Do big companies assume that their consumers – who buy their products, who pay their wages – are stupid and incapable for reading the small print?
And does social media hold a solution to the small sample size problem?
An alternative title for this post could be: How some TV advertising assumes we’re all dumb.
Last night, a TV spot really got my goat.
It was for a hair-care product (which shall remain nameless). The spot claimed that the people who used said product would find that their hair looked thicker and more silky. As is common with this type of ad, there was a little * just after the statement.
And there, in the bottom right corner, was the small print. It read thus:
“*Than thinner hair.”
So, let me get this straight. Use this product and your hair will look thicker than thinner hair. Not ‘thin’ hair. ‘Thinner’ hair…
Another line suggested that the use of the product will make your hair appear more sleek and shiny. Again, look for the *:
“*versus unwashed hair”.
Quite frankly, a dose of Fairy Liquid will probably make your hair look more healthy than someone who hasn’t washed for a week. But you don’t see that on their adverts.
None of these little *s lead to a recommendation for a premium product, do they?
The point I’m making here is that it feels as though the advertiser in question has decided that their customers – the people who pay their wages – are a pretty dim bunch. What’s the point of these glamorous statements if all you’re comparing your product with is either a balding pate or someone who wouldn’t know shampoo if it hit them in the eye?
Don’t get me wrong, this ad isn’t the only one of its type to treat the audience like complete fools; there are plenty of them out there.
Which makes me wonder about respect. Respect for the audience, and respect for the product. It would be nice if the companies and agencies concerned respected the audience enough not to make claims bordering on the fallacious, but protected by a little * just in case anyone disagrees. And respected the product enough to give it some kind of meaningful comparisons.
In a similar fashion, when 92% of women agree, you know that the sample size is going to be tiny. My favourites are the sample sizes under 100 – and especially the ones where 42 women were surveyed. Yes, the advertiser isn’t lying, but at the same time they’re trying to hide their minuscule sample size behind a little *. And people accuse politicians of spin?
What’s even more interesting is that a lot of these adverts are for high volume sellers. And yet they haven’t managed to get a decent sample size together. So you’ve got a product which sells tens or hundreds of thousands of units a day, and only 100 people can be found to take part in a survey as to whether they like it?
Again, not exactly a good recommendation, is it?
I’m not saying that every product should have a cast of thousands surveyed about it, but a few more in the trials would be nice. Just to give that extra little bit of product confidence.
However, this is assuming that people will bother to read the small print. Which I’m guessing most people don’t.
Is there a solution, then, in the clever use of social media? Should the advertisers in question be looking to use the power of social media to get in reviews, have surveys answered and engage the consumer with the brand?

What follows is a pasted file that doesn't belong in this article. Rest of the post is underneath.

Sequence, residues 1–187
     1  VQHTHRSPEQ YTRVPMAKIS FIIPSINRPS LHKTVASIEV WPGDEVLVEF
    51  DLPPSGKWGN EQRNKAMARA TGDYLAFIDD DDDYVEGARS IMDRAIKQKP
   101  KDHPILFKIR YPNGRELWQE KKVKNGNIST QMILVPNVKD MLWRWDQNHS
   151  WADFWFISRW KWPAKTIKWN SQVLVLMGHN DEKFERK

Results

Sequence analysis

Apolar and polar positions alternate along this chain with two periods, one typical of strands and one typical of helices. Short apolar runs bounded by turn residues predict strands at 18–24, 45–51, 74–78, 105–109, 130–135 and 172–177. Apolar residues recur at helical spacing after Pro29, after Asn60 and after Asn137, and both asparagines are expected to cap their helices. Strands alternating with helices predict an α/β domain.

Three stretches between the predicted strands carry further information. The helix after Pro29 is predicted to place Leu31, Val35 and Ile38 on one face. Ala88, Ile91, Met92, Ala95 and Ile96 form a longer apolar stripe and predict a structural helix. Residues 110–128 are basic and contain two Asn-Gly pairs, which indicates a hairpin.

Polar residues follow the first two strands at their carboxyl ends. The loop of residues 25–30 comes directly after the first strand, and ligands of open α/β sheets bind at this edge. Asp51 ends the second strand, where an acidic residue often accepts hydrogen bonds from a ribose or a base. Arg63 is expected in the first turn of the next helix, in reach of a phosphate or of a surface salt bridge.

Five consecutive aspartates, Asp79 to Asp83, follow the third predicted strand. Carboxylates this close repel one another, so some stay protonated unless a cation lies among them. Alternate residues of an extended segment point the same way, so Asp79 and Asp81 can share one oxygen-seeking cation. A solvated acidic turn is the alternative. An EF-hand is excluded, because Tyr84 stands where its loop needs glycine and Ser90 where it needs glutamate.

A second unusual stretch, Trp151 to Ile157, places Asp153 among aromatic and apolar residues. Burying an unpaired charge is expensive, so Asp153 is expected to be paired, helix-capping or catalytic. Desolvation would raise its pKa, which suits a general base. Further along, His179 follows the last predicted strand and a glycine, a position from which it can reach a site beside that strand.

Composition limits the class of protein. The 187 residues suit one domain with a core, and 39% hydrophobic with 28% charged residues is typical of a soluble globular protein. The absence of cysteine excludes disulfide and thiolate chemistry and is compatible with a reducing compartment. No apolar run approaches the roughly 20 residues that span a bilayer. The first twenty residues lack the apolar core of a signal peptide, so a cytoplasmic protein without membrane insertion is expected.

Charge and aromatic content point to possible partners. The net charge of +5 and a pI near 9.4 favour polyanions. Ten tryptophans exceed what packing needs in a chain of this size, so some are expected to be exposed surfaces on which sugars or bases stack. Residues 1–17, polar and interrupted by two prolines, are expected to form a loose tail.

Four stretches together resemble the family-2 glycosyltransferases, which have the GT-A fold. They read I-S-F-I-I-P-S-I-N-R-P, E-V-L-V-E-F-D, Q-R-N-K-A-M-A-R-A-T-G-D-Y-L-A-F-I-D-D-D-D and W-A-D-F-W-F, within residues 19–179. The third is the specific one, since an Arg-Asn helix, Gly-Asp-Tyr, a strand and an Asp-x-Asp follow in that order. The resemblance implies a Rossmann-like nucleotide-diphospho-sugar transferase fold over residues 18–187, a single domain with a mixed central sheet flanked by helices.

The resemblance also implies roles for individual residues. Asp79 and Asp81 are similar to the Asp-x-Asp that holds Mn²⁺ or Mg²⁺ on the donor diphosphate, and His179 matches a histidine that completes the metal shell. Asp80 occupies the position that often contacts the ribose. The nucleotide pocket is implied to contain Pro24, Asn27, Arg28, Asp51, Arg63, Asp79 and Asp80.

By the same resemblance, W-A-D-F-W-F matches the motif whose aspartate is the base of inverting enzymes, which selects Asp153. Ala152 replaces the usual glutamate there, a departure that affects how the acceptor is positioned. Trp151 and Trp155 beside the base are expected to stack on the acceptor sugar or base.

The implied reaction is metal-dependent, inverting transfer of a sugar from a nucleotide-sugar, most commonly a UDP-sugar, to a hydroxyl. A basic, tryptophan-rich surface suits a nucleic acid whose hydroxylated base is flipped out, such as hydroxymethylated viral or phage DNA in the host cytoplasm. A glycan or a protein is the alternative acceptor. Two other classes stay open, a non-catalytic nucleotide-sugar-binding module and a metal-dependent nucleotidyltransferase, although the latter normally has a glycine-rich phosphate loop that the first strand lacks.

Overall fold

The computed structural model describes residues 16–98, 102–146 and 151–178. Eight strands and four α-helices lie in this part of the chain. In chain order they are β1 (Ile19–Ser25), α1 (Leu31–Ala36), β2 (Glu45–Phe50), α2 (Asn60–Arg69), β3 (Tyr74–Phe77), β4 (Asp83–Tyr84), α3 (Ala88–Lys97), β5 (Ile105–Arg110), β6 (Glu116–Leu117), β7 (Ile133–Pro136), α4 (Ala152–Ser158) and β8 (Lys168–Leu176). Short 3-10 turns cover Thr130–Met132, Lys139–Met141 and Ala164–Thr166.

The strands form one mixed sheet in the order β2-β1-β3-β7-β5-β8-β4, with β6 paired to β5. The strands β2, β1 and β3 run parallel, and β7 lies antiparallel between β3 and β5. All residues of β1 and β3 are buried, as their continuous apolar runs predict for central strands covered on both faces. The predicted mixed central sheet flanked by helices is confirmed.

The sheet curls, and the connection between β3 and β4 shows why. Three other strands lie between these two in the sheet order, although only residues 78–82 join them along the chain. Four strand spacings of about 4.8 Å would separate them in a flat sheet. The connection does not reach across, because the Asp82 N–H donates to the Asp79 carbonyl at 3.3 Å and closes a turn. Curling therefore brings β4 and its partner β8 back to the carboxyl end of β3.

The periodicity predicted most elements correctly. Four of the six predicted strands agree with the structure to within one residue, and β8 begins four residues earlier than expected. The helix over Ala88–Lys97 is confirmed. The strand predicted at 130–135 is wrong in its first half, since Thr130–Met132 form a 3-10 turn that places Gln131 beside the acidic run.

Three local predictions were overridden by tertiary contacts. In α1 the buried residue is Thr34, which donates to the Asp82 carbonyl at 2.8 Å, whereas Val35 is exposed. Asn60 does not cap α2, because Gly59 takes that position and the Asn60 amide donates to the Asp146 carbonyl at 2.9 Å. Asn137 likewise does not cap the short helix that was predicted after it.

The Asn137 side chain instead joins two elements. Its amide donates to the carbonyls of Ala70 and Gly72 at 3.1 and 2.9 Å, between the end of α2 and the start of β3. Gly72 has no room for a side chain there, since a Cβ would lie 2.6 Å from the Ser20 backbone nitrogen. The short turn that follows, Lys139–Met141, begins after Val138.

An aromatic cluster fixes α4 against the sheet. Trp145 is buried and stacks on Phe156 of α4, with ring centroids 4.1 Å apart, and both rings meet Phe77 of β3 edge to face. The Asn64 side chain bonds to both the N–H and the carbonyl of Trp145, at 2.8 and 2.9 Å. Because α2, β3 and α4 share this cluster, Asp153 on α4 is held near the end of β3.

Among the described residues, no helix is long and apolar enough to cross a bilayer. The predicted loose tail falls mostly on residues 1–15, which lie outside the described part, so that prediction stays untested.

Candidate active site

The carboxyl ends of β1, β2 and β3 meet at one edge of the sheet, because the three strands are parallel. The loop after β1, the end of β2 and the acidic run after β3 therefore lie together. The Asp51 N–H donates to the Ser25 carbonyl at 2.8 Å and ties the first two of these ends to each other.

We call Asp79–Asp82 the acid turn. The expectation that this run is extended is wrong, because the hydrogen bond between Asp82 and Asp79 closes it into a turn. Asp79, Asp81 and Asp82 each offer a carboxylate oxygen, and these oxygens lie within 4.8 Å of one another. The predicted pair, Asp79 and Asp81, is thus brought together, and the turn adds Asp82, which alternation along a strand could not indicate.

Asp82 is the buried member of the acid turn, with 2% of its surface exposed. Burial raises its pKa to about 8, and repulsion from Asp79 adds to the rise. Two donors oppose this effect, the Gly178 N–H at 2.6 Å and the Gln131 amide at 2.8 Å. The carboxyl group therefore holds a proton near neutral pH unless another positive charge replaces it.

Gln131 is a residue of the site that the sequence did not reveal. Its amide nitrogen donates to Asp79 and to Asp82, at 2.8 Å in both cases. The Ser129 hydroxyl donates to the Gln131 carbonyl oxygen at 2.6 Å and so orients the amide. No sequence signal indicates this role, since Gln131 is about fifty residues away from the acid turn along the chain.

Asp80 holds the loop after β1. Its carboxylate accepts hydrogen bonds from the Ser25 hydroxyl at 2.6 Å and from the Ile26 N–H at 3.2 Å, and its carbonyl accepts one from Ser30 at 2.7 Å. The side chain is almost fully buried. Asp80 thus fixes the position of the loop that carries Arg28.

Imagine if that hair care product had 90% of its Facebook fans prepared to recommend it to their best friend. And 93% of its Twitter followers had been told about it by one of their friends. It wouldn’t take long to check out the size of the fan base or tweeting classes. The surveys could easily be marketed through appropriate channels to drive people into an incentivised survey to get large-scale data*.
And, of course, the individuals would have to become a fan or a follower of the product to take part, thus converting them into warm-leads who can be conversed with into the future. This would mean that their posting/Tweet, stating that they would “recommend [product name] to my best friend” would be seen by all followers of their profile. And that could be a lot of people (the average user has 120 – 130 ‘friends’ apparently). You’d have to take the risk that some would post/Tweet that they wouldn’t recommend the product to their best friend, but if “92% of women agree” anyway, then the 8% can be worked on later – or even better, used as a control group for further R&D.
Of course, it could all go spectacularly wrong. 92% of women might agree – but not agree what you’d like them to agree. However, if there’s no such thing as bad publicity**, then there’s a large number of ready-made, on a platter, PR opportunities to make a bad situation into a great situation.
Either way, you’ve driven people to your channel – whether to take part in said survey or to see how many people did.
All it requires is for a few brands and/or agencies to be brave. To respect their product. To respect their consumer. The rest would follow, sounding the death-knell for the statements that washed hair looks better than unwashed hair and that thicker hair looks thicker than thinner hair…
*There’s a whole debate about incentivised surveys giving skewed data. But seeing as many of these products don’t state the impartiality of their respondents anyway, we’re none the wiser as to the incentivised/non-incentivised nature of the survey in the first place.
** Unless you’re caught chopping down the rain-forest, poisoning babies or murdering someone of course. There aren’t many ways out of those…